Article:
The set-up is certainly very striking. The murder victim, Aaron Ku, is the chief of the Ku, a New Guinea tribe transported lock, stock and barrel from their home to a terrace in London.
The entire Ku civilisation currently lives in three bedrooms in Flagg Terrace – one room for the men, one for the women and children, and one for Dr Ku and his husband.
Dr Ku is Scottish, by the way, an anthropologist who married into the tribe. Dr Ku’s father, the Reverend Mackenzie, was the missionary who nominally converted the Ku back in New Guinea. The tribe was then forced into exile by the Japanese, and Dr Ku brought them to safety in England, before writing his PhD about them. In the view of one of the characters, the Ku are Dr Ku’s ‘own private stamp-collection, unique, worth untold millions in auction rooms, not to be touched by ignorant hands.’ In other words, the Ku live in the glass-sided ants’ nest of the title.
Dropped into this mini-culture is James Pibble, the Yard’s specialist in ‘kooky’ cases and a man with an instinct for spotting bad guys – the Adversary.
Pibble handles the Ku with an open mind and a desire to learn and be respectful that seem a lot more modern than 1968. Although his vocabulary is occasionally – ahem – old-fashioned, his heart is in the right place. He gives short shrift to a local bigot:
You can’t bring a bunch of bleeding savages inner a sillised country and plonk em down an not expeck sunnick to appen – sagainst nature […] My missis is scared to go out of an evening for fear she’ll come back one of these nights with er ead shrank.
The case intersects with more typical police work thanks to the Ku’s neighbour Caine, a con man who also accompanied them out of New Guinea. Pibble immediately recognises Caine as an ‘Adversary’: ‘always the same, with the same lunging arrogance, the same Olympian sneer’. Caine has links to high-class prostitution, and stole one of Pibble’s colleague’s girlfriends to boot. Pibble admits to himself that ‘he didn’t want to catch anybody if it wasn’t going to be Caine’.
Pibble has to work out whether the causes of Aaron’s murder lie in straightforward chicanery on the part of the Adversary, or deep in Ku ritual and culture.
I expected, given the date of publication, to find the Ku stereotyped as comic savages. However, in Dickinson’s hands the Ku come to life. To different degrees they are intelligent and stupid, comic and serious, curious and incurious, ignorant and informed. Each has a distinct personality.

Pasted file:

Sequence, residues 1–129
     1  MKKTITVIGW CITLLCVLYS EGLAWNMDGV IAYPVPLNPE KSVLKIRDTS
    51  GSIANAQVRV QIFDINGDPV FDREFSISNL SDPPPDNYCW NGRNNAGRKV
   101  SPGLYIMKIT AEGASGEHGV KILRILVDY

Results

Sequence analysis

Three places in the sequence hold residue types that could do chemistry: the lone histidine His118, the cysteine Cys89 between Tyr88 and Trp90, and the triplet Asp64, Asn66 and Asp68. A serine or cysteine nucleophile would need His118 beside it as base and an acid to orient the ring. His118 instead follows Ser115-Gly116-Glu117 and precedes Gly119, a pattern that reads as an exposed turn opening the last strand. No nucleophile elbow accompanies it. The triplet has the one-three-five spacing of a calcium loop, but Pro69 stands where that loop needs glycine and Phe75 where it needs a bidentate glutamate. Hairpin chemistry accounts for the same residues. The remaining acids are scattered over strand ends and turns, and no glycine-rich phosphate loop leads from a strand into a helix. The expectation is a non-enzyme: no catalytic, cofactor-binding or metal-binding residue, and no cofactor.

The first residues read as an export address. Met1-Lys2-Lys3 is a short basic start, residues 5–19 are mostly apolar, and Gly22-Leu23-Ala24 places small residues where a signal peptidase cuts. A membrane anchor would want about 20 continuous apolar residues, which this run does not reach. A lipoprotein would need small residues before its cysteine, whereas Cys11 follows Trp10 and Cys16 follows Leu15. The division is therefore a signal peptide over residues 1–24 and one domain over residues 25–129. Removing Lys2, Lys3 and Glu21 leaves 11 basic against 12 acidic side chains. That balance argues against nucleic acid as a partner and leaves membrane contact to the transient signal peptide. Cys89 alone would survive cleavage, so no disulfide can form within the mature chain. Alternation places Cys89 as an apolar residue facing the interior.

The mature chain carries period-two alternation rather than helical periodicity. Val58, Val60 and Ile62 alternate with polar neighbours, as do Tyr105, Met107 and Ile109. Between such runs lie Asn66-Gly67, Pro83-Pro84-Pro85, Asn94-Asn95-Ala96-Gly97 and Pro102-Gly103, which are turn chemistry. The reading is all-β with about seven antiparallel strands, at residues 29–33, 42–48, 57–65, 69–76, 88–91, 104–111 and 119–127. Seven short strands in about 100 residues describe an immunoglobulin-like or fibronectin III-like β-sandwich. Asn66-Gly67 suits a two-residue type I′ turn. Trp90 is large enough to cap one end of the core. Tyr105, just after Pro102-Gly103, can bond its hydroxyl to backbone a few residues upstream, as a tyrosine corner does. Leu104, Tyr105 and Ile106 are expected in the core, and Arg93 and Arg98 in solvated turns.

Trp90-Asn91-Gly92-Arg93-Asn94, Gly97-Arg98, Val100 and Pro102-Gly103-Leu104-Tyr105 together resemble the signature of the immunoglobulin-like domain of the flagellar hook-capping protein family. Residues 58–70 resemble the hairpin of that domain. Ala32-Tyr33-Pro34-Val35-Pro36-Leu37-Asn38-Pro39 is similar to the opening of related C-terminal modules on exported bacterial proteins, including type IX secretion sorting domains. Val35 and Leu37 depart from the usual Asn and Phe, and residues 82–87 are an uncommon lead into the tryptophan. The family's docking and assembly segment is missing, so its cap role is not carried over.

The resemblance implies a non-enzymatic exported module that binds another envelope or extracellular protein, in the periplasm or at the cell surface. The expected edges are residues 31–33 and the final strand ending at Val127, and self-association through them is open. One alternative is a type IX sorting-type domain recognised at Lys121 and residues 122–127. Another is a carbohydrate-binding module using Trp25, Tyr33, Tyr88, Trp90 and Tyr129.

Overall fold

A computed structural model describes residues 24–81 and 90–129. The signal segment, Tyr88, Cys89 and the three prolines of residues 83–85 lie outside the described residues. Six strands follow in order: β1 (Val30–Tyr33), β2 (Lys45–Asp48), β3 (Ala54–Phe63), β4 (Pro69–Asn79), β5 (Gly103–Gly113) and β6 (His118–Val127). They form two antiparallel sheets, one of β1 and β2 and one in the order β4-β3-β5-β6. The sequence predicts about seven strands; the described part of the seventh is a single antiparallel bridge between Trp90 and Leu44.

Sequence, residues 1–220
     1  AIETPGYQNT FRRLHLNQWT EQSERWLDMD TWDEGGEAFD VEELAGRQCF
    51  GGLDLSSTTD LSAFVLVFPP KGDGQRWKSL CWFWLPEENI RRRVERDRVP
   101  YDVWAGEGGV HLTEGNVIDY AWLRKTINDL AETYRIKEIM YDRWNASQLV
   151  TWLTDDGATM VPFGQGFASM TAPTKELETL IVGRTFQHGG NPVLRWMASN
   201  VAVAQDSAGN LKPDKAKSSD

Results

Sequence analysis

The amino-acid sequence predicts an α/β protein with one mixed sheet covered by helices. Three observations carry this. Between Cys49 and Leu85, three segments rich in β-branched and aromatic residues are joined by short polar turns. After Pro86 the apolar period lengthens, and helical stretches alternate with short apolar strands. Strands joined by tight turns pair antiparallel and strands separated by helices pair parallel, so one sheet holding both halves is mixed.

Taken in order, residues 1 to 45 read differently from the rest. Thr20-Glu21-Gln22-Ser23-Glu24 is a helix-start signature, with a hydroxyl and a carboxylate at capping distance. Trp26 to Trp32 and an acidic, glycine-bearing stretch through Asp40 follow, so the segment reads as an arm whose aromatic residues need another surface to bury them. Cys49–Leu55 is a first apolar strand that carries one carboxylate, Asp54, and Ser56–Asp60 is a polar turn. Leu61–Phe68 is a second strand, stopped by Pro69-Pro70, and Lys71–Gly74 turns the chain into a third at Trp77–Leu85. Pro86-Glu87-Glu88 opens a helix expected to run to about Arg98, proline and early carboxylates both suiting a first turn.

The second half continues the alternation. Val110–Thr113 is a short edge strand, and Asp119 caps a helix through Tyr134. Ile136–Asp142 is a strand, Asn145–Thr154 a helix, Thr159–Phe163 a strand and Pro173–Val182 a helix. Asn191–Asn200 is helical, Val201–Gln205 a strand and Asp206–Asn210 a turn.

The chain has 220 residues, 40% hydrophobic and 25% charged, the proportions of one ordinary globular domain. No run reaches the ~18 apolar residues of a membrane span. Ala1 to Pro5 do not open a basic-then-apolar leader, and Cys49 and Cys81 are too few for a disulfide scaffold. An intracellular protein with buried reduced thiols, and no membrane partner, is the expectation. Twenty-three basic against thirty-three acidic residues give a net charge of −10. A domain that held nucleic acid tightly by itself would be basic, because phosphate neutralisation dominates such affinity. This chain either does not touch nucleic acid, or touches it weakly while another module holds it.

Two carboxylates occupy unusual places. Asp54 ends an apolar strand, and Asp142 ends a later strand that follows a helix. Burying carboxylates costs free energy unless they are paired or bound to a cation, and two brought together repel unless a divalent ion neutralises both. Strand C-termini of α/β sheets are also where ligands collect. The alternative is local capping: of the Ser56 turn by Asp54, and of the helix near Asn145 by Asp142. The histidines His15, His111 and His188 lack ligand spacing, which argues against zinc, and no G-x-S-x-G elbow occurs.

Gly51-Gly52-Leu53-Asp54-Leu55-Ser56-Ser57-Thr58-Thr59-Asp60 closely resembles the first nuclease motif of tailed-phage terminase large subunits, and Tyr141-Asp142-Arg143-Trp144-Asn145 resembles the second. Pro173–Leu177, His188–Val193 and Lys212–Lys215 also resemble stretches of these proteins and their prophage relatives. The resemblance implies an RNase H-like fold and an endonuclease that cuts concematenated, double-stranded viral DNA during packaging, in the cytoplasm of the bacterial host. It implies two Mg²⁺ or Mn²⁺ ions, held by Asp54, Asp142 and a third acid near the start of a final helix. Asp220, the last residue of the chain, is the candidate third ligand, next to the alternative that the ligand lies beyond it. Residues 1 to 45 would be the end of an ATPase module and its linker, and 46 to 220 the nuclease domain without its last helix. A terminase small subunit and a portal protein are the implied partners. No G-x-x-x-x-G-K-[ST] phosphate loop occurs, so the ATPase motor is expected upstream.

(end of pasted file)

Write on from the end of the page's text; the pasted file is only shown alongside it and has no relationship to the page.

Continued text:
One theme of the book is integration. Dr Ku, by meeting various ritual requirements, has been accepted as a Ku and has a voice in tribal affairs. However, this privileged position also places constraints on his behaviour.
The Ku have been in England since the War, and the privileged bubble they inhabit means they have preserved their lifestyle to a certain extent, but they are gradually changing. Two of them work for London Transport. Paul Ku, Dr Ku’s husband, is a talented artist who has taken every advantage of his move to England and is carving out a reputation and a decent income from his work. Robin Ku, born in England, ably skips between his Beatles-obsessed school friends and his life in the men’s hut. At home he is trying to become a ritual drummer (he likes Ringo), using Dr Ku’s PhD as a guidebook.
The other side of cultural integration is cultural disintegration. There’s an awareness that the Ku stand to lose not just their Ku-ness, but also their Christianity. The latter was Aaron’s main concern before his death.
The Glass-Sided Ants’ Nest is fascinating as an exploration of a traditional culture (OK, an invented traditional culture, but seemingly inspired by the anthropologist Malinowski’s work in the Trobriand Islands), which adds loads of interest to the investigation. The culprit is eminently guessable, but I completely missed the clues. A book I’ll definitely revisit.
The Glass-Sided Ants’ Nest
First published (as Skin Deep) by Hodder & Stoughton Ltd in 1968
This edition Arrow, 1987
Final destination: A keeper
Bitter Tea and Mystery: My favorite aspect of this book is Jimmy Pibble. He deals with an unusual and trying situation admirably. He is respectful of all the people he interviews, and he is open to new ways of looking at things. A wonderful character.